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A silver lining in the North Korea nuclear impasse?

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CLAREMONT, CALIFORNIA – Pyongyang’s series of short-range ballistic missiles firings of late is part of North Korean leader Kim Jong Un’s efforts to keep U.S. President Donald Trump focused on the North’s demands for sanctions relief and to express displeasure for last month’s U.S.-South Korea joint military exercises. While Kim’s calculated behavior avoids breaking his handshake agreement with Trump to cease long-range intercontinental ballistic missile launches and nuclear testing, the projectiles fired in recent months have a range capable of striking the Japanese archipelago, placing Tokyo at risk as Pyongyang makes technological advances with each session.

Policymakers in Tokyo are working overtime to identify ways to protect Japan from the North’s increasingly lethal intermediate-range missiles, and some have understandably been left asking if it’s time to put Kim back in his box? The answer is yes, although with the box half open.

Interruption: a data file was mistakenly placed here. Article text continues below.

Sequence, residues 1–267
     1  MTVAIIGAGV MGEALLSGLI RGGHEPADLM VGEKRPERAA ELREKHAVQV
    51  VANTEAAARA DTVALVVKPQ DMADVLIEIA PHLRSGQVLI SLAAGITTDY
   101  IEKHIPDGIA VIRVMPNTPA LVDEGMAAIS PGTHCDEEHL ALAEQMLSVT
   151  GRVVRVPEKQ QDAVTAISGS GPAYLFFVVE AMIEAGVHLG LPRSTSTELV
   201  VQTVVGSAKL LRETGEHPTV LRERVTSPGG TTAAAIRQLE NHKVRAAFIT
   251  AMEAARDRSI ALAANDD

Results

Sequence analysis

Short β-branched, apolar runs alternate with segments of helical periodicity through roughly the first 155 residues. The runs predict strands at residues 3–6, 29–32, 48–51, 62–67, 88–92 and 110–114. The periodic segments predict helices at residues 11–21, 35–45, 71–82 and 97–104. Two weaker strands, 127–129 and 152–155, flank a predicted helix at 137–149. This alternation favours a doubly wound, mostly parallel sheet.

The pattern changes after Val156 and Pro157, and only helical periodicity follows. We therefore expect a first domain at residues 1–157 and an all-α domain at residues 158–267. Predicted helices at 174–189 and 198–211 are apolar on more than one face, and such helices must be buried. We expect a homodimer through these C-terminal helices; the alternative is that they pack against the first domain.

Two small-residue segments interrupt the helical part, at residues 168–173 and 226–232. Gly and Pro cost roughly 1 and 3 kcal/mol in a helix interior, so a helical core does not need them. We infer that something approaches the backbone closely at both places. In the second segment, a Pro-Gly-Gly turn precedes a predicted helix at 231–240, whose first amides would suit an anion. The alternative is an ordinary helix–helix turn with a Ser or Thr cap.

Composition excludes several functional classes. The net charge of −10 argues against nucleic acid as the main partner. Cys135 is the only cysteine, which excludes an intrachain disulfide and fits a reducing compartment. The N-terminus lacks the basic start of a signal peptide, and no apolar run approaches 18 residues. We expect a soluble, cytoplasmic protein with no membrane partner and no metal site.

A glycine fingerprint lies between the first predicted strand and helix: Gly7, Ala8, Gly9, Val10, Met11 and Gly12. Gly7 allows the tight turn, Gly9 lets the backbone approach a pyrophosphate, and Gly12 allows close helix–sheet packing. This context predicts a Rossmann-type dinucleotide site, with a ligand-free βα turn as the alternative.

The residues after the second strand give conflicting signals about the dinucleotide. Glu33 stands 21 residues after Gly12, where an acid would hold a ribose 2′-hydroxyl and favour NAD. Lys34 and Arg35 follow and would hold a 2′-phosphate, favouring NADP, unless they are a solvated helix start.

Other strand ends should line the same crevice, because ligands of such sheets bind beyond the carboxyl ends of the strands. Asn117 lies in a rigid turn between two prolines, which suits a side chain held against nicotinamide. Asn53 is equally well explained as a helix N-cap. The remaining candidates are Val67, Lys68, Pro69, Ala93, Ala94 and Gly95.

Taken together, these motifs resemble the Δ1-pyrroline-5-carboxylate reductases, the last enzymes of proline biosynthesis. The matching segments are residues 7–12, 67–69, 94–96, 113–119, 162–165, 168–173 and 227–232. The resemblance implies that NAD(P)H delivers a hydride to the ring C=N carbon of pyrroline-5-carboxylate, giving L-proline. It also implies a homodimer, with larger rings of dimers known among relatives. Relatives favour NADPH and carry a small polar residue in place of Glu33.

Some context is necessary here.

To date, Kim has not taken any meaningful steps toward denuclearization. As his primary focus is the survival of the Kim dynasty, he has not relinquished any of his nuclear, biological or chemical weapons, nor has he shut down any of his nuclear facilities. Despite prior pledges, Kim has not allowed unfettered inspections of his facilities.

While resolving this long-standing problem by force is an option, it would be costly for the United States and South Korea, as well as Japan. A non-nuclear conflict with North Korea would likely result in Pyongyang firing intermediate-range missiles at any number of Japanese civilian soft targets as well as U.S. and Self-Defense Forces military facilities, resulting in casualties and significant destruction to property, infrastructure, markets and the world economy.

Furthermore, there are 30 million........

© The Japan Times